A €56,000 award to a woman who was scalded when a glass jug she bought in Dunnes Stores shattered after she poured hot water from a kettle in to it has been overturned by the Court of Appeal.
The three judge appeal court found no evidence to support the conclusion of the High Court’s Mr Justice Kevin Cross that Dunnes was negligent in selling the €10 jug to Eva Cekanova.
Ms Cekanova (31), Windmill Terrace, Clonsilla, Dublin, sued Dunnes over the accident with the jug, which she bought at the Blanchardstown Shopping Centre, Dublin in December 2015.
It was claimed, when she poured hot water into the jug to make tea, it suddenly, and without warning shattered, showering her legs.
Dunnes denied negligence and pleaded Ms Cekanova failed to heed a warning sticker on the jug which, it claimed, specifically states not to use hot water in it.
Mr Justice Cross found Dunnes was 75 per cent negligent in not having a warning label attached to the jug against using it for hot liquids, and he accepted Ms Cekanova, who is a native of Slovakia, would not have purchased it if it had such a label. Dunnes ought to have known people in Ireland from foreign countries will use a glass jug and pour hot water in it, he said.
He held Ms Cekanova was 25 per cent negligent in that she ought to have known that tea here is not made in glass jugs and she had some obligation to check if the jug was suitable before putting hot water into it.
He said Ms Cekanova suffered a significant injury and has been left with scarring. Total damages were assessed at €75,844 but, because of the 25 per cent contributory negligence finding, were reduced to €56,883.
Allowing Dunnes appeal on Wednesday, Mr Justice Seamus Noonan said it is “universally known by reasonable adults of normal intelligence that boiling or very hot water has the potential to shatter an ordinary glass vessel”.
While Ms Cekanova had given evidence the first time she heard of the phenomenon of “thermal shock” was in her solicitor’s office, that was “at the least, a somewhat surprising proposition”. Her evidence the water was not boiling when she poured it into the jug, and was rather at 80-90 degrees Centigrade, was “very difficult” to account for in the absence of some understanding of the effects of boiling or very hot water on ordinary glass.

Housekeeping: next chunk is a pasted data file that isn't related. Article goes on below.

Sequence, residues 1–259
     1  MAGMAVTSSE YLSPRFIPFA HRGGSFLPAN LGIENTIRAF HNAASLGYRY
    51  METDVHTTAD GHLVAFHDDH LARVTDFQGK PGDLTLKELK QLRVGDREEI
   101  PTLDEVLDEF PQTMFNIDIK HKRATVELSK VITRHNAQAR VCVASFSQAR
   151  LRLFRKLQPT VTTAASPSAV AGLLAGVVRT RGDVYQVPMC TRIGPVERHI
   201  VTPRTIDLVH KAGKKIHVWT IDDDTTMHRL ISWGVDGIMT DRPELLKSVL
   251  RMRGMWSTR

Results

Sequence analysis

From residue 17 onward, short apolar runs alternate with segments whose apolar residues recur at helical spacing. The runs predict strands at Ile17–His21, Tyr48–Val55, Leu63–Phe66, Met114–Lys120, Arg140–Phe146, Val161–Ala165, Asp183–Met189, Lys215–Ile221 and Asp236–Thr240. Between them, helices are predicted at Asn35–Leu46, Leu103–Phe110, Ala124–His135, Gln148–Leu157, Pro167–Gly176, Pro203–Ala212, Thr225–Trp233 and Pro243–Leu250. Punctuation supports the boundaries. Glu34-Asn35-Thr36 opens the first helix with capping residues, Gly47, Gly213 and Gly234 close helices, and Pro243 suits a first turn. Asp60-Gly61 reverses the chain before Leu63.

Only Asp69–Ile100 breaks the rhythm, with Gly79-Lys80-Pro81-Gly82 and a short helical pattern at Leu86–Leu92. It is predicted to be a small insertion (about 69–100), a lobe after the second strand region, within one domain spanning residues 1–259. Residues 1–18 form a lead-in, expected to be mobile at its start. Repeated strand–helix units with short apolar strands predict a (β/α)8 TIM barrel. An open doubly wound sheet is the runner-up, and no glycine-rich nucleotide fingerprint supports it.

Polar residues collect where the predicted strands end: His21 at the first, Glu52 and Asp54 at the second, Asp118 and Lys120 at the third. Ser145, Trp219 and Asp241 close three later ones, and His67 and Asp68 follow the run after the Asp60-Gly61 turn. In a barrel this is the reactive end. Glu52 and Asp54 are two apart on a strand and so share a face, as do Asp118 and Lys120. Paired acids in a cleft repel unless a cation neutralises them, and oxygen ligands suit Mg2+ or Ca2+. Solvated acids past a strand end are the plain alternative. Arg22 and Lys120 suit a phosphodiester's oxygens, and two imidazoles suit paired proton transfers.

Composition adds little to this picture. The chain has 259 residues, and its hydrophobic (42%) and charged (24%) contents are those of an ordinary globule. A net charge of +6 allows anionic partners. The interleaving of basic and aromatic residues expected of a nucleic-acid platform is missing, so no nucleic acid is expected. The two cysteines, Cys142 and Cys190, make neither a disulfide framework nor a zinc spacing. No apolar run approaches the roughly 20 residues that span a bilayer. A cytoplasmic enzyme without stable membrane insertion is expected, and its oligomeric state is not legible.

The judge disagreed with Mr Justice Cross’s finding the jug was “meant” to have a label warning against using it for hot liquids.
Jug or pot
While Ms Cekanova gave evidence that in her native Slovakia “we normally use a big glass jug for making tea”, there was absolutely no evidence for Mr Justice Cross’ finding that Dunnes knew, or should have known, that Slovakian nationals might buy glass jugs for such purposes, he said.
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On the contrary, Ms Cekanova’s evidence was she was well aware people here use teapots to make tea. If using glass jugs for tea was a well-known custom of which Dunnes should have known, it was surprising, having sold more than 11,000 of these jugs, some of which had no labels, no other complaints of a similar nature were received, he said.
If such a safety warning was required or necessary, it would have to be permanently engraved on the jug as a label would be washed off after the first use of the jug, he remarked.
On foot of those and other findings, he allowed Dunnes’ appeal and dismissed Ms Cekanova’s cross appeal against the finding of 25 per cent contributory negligence on her part.
Mr Justice Noonan said his provisional view was Dunnes would be entitled to its legal costs in the High Court and Court if Appeal against Ms Cekanova but she had 14 days to consider whether to argue for an alternative costs order.